The death certificate is an often under-utilized vital record with regard to genealogical research. Some may use it only for the state certified date of death and move quickly on, missing "vital information."
As a matter of fact, a death certificate holds a wealth of other information which, of course, must be carefully analyzed before using as fact. This new other information can be used as starting points for new research or to confirm old theories.
Let me give you a first-hand example:
Using my great-great grandfather’s 1924 certificate of death, the first exciting thing I see is his middle name—Wilson. The informant is Mrs. Mary Swope, his wife. I feel comfortable accepting “Wilson” as his middle name in spite of his grave marker having his middle initial a “J.” Mary would have likely known this fact while I don’t know who filled out the information for the grave marker. Additionally, the 1900 and 1910 U.S. federal censuses have “W” as his middle initial.
Except for his occupation, I am not so comfortable with the other information Mary gave. Of course she would have known he was a farmer, but his date of birth and place of birth are information items I will have to confirm through further research since Mary was not there for the event. However, having an actual date to begin with (29 April 1849) and an actual place (Lindside, West Virginia) to begin, is very exciting!
The next exciting thing I see is a name in the “Name of Father” field.
An actual name!
WHAT? WHAT?? WHAT???
Keep in mind that no one in the entire family knows anything about Andrew Swope. The assumption is that he was a freed slave who went to work on Mary’s father’s farm and that they wound up getting married.
At least that’s what “they” remembered their great grandmother Mary saying….
Anyhow, “Hucon” is another new research project. YAY!!
And the WOWs keep coming.
A couple of years ago, I dug around in the West Virginia Vital Records Project and found all the death records for “Swope” that I thought might have something to do with Andrew Swope. I printed quite a few death certificates, stuck them in the “Swope” file and promptly forgot all about them.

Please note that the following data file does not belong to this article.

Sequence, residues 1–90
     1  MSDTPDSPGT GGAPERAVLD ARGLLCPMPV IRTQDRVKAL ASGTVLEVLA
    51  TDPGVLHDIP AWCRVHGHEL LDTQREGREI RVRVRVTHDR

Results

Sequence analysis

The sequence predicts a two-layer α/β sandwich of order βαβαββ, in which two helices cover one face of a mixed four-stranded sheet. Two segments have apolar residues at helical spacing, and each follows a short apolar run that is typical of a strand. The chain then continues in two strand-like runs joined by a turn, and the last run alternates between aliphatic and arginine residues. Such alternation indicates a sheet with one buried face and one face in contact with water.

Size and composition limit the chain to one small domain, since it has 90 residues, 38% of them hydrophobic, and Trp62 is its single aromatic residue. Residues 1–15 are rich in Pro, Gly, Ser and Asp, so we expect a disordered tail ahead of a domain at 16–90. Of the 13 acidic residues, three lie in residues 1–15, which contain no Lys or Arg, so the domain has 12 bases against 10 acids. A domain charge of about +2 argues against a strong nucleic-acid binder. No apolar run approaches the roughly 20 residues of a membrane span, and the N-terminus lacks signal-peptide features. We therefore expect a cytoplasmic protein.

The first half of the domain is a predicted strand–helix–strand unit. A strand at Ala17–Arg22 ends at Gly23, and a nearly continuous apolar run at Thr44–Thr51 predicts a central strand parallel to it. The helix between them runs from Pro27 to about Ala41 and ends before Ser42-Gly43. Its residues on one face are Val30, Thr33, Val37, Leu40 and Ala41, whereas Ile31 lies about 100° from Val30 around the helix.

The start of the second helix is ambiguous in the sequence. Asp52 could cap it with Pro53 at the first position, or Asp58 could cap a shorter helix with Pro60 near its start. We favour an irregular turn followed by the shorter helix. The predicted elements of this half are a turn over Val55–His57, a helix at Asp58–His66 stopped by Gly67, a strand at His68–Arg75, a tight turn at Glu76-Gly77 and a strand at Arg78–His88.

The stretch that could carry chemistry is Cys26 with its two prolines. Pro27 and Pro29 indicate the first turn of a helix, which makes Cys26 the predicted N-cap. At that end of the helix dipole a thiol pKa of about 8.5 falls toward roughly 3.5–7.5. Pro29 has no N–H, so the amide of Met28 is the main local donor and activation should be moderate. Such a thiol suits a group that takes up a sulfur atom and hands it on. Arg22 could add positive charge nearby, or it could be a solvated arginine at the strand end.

A few days ago, realizing that I hadn’t written an article in over a month, I had a brainstorm and decided to write about how a death record confirmed a suspected cause of death.
HOWEVER, while flipping and scanning through the “stack ‘o Swopes” my train of thought was derailed. I saw the name “Hucon Swope,” and kept flippin’ an’ scannin’, flippin’ an’ scannin’. Then I saw “Hucon Swope” again. I was looking at Andrew Swope’s death certificate.
I realized I had never looked at the parent’s section.
I’ve had a potential answer for over two years without realizing it! In all honesty, however, two years ago, I was not nearly as serious as I am now AND had no formal training.
I flipped back to find the certificate I first saw with Hucon’s name on it, thinking I must have inadvertently printed Andrew’s twice.
Lo and behold, I hadn’t.
Hucon is the father of another Swope: Emily!
Could she be Andrew’s sister? She died only 26 days after Andrew in a different county. BUT, they were both born in the same county. Her mother’s name is listed, Betty Moss. The informant is a Lula Wood who lived in the same town as Emily. Could she be another sister to Andrew? WOW.
Emily was an 81 year-old spinster at the time of her demise. Therefore, it stands to reason that a sister (or perhaps a niece?) would give the information for Emily’s death certificate.
All this “new” other information makes GREAT starting points for new research!